The War on COVID Has Become a Quagmire. Americans Need an Exit Strategy.

Like the war on drugs and the war on terror before it, the war on COVID is a futile, deeply destructive campaign, and Americans want out.


What if we not only lost the war on COVID, but it was never really winnable? That's increasingly what voters seem to believe—and for good reason, as a recent study suggests the limits of policymakers to control the virus through behavioral regulations. 

In her Codebook newsletter, pollster Kristen Soltis Anderson looks at the abrupt retreat from COVID restrictions by Democratic governors and mayors, and tries to identify the source of the shift. 

In blue states like New Jersey and California, as well as liberal cities like Washington, D.C., elected officials have rolled back various pandemic policies over the last few weeks, leading to accusations of cynical political motives—that, as GOP Sen. Tom Cotton (Ark.) quipped, "the science hasn't changed, the polling has." 

It seems fairly obvious that Democrats can sense a change in the political winds as case counts plummet across the country, and they are acting accordingly. As Josh Barro recently wrote in his newsletter, Democratic governors are "running to where the COVID ball is going." 

But after surveying the polls, Anderson suggests there's something deeper going on, that it's not so much that there's been an abrupt change in whether voters, especially blue state voters, favor COVID restrictions, but instead that many of those voters have simply given up on the idea that COVID can ever be defeated. As Anderson puts it: "The turn away from COVID restrictions seems less about them having become deeply unpopular overnight, but rather that public opinion has soured on our ability to win the fight against COVID at all." Two years in, the war on COVID increasingly feels like a quagmire, and voters are looking for an exit plan.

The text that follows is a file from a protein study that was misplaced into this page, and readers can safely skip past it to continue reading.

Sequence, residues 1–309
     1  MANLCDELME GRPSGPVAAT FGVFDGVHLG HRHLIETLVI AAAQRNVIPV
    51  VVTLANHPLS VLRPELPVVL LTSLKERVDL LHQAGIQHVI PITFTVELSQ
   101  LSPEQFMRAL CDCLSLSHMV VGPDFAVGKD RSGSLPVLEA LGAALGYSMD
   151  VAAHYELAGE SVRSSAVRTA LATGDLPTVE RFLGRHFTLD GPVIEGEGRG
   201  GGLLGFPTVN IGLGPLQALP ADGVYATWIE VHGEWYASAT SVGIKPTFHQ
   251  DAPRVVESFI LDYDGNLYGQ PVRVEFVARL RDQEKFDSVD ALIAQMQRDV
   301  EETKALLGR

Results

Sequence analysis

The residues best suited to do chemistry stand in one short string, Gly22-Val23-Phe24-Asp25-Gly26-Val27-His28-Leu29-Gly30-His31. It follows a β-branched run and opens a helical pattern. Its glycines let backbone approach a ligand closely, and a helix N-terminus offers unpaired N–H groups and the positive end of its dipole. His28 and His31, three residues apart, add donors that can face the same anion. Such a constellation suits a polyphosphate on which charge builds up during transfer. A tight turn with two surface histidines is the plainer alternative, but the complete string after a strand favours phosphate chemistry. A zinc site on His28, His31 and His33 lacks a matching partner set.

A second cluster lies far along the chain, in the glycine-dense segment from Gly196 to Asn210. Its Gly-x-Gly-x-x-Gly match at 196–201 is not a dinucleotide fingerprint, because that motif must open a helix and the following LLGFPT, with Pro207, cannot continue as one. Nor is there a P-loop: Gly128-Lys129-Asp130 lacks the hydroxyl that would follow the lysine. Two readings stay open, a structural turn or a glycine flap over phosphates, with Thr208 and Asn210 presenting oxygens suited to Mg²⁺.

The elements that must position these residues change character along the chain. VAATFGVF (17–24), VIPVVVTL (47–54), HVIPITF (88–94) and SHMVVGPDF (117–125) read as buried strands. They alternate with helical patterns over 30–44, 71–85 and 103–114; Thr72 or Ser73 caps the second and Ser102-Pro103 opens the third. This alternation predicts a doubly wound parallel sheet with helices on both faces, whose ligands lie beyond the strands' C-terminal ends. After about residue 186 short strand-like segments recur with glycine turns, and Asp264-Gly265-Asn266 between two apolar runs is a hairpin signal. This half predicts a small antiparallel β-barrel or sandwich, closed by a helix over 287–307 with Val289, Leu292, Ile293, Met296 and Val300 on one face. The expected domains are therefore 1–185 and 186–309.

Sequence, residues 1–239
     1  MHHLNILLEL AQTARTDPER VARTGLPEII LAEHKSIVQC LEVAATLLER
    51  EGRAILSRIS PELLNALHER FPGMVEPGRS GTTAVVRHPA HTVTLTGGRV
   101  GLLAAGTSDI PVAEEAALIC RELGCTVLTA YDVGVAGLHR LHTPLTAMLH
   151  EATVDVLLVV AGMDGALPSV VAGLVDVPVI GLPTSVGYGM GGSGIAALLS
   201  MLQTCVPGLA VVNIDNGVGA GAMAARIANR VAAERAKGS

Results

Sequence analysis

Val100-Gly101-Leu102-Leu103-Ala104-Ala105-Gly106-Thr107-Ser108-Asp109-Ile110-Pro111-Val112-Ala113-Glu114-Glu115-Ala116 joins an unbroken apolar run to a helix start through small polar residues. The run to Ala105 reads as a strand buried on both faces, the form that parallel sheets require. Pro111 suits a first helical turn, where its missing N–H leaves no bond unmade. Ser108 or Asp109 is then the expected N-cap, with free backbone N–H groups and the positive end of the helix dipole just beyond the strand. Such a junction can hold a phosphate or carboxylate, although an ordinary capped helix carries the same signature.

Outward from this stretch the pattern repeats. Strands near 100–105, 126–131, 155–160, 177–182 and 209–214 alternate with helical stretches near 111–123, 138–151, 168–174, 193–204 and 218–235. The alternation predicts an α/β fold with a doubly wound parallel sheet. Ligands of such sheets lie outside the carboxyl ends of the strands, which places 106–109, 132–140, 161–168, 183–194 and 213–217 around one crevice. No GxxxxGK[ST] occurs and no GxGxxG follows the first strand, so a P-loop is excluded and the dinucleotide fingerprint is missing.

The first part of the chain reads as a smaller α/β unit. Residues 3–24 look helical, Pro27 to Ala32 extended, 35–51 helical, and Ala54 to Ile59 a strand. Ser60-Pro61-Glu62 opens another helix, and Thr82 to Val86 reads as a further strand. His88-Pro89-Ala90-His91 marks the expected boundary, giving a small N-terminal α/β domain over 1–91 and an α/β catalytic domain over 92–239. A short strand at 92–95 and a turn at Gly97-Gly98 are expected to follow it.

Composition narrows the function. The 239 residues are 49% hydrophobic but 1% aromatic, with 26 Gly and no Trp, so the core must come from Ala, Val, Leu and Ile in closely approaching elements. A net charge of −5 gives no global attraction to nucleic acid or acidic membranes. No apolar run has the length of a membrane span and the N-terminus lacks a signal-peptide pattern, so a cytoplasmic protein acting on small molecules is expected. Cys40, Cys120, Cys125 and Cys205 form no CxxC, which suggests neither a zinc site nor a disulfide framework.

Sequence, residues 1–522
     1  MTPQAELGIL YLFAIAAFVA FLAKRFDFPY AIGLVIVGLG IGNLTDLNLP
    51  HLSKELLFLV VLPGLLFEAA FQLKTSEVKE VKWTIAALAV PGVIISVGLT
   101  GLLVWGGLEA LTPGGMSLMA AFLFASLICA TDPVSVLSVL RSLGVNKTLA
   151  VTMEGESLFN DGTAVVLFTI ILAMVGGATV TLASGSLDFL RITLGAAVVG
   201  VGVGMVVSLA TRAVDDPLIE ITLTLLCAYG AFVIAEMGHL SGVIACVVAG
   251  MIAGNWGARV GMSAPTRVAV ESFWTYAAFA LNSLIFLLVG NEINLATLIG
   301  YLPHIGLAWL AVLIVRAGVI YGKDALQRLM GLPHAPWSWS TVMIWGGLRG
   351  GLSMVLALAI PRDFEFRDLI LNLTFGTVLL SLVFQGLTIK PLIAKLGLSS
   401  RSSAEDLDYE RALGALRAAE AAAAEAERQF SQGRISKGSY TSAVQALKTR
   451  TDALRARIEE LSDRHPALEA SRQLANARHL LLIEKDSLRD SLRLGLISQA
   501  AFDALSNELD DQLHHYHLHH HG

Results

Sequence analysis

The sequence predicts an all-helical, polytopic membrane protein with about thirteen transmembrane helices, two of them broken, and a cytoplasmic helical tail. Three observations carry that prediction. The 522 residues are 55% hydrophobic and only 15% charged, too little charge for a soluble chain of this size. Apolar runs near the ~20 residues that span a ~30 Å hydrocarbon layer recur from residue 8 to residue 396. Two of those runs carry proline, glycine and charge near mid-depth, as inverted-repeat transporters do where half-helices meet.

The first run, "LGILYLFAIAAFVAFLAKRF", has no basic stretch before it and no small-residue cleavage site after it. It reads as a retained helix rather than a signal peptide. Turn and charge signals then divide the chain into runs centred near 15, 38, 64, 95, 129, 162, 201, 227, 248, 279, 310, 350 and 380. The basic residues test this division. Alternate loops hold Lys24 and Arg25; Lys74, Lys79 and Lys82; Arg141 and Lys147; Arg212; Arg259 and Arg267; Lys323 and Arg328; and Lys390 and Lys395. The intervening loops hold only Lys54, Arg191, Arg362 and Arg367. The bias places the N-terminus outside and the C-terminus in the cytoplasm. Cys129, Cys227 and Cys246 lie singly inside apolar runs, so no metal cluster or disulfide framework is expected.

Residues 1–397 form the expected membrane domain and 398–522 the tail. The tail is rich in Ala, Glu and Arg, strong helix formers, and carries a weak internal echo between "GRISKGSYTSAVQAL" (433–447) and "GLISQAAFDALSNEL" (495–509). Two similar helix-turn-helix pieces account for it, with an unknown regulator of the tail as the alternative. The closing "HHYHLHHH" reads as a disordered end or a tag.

I use the phrase war on COVID on purpose, for there are clear echoes of both the war on drugs and the war on terror: long-running government campaigns championed by the political class and predicated on preserving public health and safety, which eventually proved futile at best, and deeply destructive and counterproductive at worst. Both involved a mix of largely symbolic acts, intended mostly to visibly demonstrate that something was being donem and more punitive initiatives that produced damaging effects that tended to fall heaviest on out groups with little political influence.